Trial for Osama bin Laden’s son-in-law may be delayed due to government cut

A landmark civilian trial of Osama bin Laden’s son-in-law may be delayed until next year due to budget cuts arising from the sequestration, a US court heard Monday.

Lawyers for alleged al-Qaida spokesman Suleiman Abu Ghaith said that due to a mandatory five-week furlough of all federal defense lawyers in New York, the prosecution may have to be pushed back from September to January 2013.

US district judge Lewis Kaplan said it was “extremely troublesome” that a trial of such importance could be affected by government cuts.

In a further development, defence attorneys suggested that they intend to ask for court hearings to be moved away from the federal court in lower Manhattan – situated just a few blocks from the site of the September 11 attacks – due to the potential of a jury being prejudiced.

Abu Ghaith faces an indictment that includes the charge of conspiring to kill US nationals. The 47-year-old Kuwaiti is the alleged spokesman of al-Qaida, and the son-in-law of former terror network chief Osama bin Laden.

Prosecutors say he was summoned on the evening of the September 11 attacks by bin Laden and asked to assist in al-Qaida’s campaign against the West.

The following morning, Abu Ghaith – along with bin Laden and then al-Qaida deputy Ayman al-Zawahiri, released a video in which he warned the US that “a great army is gathering against you” and calling on “the nation of Islam” to fight “the Jews, the Christians and the Americans”.

He later gave a speech in which he warned Muslims “not to board any aircraft and not to live in high rises”.

At Monday’s hearing, lawyers for the suspects told the court that they were considering filing a motion to change venue.

Outside the courtroom, defence attorney Martin Cohen was asked if he thought it possible to find an impartial jury, given the courtroom’s proximity to where nearly 3,000 people died on September 11, 2001.

“That is a question that we are mulling over,” Cohen said. He issued the same response when asked where he thought an unbiased jury could be found.

If the case is moved from New York, it will come as a blow to the White House, that has long sought to try terrorists – including those connected to the September 11 attack – in a civilian courtroom in New York, rather than in military hearings at Guantánamo Bay.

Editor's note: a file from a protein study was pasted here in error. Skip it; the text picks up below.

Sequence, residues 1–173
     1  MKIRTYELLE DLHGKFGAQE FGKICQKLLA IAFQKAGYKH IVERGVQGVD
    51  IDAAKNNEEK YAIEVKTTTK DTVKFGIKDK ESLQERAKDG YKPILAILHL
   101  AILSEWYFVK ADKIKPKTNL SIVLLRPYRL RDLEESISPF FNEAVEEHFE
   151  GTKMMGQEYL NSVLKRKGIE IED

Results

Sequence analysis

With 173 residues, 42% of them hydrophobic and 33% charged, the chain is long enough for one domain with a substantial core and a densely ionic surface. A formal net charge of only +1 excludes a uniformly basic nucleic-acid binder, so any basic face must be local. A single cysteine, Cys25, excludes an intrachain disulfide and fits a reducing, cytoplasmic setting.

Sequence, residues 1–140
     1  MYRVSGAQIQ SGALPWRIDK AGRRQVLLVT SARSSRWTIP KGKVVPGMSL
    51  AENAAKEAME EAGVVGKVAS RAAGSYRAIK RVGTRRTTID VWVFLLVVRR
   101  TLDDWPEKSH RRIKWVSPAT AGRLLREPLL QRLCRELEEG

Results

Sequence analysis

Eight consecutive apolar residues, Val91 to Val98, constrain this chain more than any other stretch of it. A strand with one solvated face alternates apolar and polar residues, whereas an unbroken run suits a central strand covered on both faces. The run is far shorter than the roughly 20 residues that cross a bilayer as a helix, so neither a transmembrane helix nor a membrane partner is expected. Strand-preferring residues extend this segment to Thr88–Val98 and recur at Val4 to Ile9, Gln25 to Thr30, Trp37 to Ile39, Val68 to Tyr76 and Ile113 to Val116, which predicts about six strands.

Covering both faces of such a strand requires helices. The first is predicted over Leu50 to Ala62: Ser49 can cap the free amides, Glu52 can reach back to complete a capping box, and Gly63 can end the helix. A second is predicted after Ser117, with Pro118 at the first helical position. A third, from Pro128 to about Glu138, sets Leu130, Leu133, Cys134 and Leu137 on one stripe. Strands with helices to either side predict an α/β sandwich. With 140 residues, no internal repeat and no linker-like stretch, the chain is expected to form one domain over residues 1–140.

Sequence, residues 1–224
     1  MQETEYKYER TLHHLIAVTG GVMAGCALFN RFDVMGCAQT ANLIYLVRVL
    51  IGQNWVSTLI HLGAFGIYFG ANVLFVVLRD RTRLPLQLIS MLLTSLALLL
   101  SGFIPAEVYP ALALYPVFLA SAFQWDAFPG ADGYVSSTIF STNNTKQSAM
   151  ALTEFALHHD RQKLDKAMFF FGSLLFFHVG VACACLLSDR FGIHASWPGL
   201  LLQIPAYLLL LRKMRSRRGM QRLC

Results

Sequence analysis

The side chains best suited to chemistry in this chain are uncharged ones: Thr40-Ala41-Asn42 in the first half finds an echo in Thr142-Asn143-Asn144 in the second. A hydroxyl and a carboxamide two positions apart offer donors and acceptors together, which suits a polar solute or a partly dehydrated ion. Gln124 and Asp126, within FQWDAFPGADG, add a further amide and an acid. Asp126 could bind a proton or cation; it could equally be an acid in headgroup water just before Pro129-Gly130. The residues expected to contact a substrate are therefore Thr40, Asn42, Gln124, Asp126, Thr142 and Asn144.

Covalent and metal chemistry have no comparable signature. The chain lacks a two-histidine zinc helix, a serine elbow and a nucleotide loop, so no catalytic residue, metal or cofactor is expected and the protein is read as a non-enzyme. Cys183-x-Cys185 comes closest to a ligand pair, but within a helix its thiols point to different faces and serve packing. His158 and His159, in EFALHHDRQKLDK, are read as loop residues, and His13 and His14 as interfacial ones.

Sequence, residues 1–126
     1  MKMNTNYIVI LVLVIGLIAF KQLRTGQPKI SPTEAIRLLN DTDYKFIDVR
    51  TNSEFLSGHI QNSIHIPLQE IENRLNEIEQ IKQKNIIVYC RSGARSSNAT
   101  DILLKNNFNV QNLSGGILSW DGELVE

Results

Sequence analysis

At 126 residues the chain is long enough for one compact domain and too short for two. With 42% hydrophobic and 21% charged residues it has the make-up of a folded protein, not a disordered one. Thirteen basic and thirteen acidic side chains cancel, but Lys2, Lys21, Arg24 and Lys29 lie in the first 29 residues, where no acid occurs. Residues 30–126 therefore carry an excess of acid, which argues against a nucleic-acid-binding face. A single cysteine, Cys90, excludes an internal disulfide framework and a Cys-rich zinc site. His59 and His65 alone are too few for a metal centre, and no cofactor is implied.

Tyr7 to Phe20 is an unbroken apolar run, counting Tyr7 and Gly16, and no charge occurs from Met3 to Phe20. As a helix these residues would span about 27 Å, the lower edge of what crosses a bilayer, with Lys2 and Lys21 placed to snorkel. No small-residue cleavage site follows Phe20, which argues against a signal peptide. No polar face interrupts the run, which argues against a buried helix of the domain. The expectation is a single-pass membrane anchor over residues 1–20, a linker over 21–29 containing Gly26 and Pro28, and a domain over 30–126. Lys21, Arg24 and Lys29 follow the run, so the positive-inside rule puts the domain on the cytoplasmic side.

After Abu Ghaith’s first appearance last month, senator Mitch McConnell accused President Barack Obama of putting politics above security concerns.

“The decision of the president to import Suleiman Abu Ghaith into the United States for civilian prosecution makes little sense and reveals, yet again, a stubborn refusal to avoid holding additional terrorists at the secure facility at Guantanamo Bay despite the circumstances,” McConnell said.

It echoed an earlier clash over attempts by the administration to try alleged 9/11 mastermind Khalid Sheikh Mohammed in New York. Faced with an outcry and warnings that it posed a security risk to the US’s most populous city, Obama relented and moved the case back to Guantanamo.

Abu Ghaith was arrested on 28 February and was transferred to US soil the following day. He was reportedly picked up in Turkey after entering the country from Iran. Local authorities passed on information to US authorities and a handover of Abu Ghaith reportedly took place in Jordan.

In court Monday, his lawyers indicated they would apply for a motion to strike from the record a post-arrest statement from the alleged al-Qaida spokesman.

That motion – along with the one to have the case moved – will be put before the court in May.

During a discussion on trial scheduling, Kaplan suggested that jury selection could take place either in September or January next year. But defence lawyers pointed out that due to the furloughing of federal employees, the earlier date could be impossible.

“It would be very hard for us to be ready by September,” Cohen told the court.

Kaplan said he was stunned.

“The irony – that is not exactly the right word – is it is extremely troublesome to contemplate the possibility of a case of this nature being delayed because of sequestration,” he said.

Cohen later explained to reporters that lawyers at the Federal Defenders of New York have been told they must take 27 days off by the end of September as a result of the sequestration.

Throughout Monday’s hearing Abu Ghaith remained silent. Dressed in a blue prison smock, he was led into the courtroom in handcuffs. He listened to proceedings through a translator.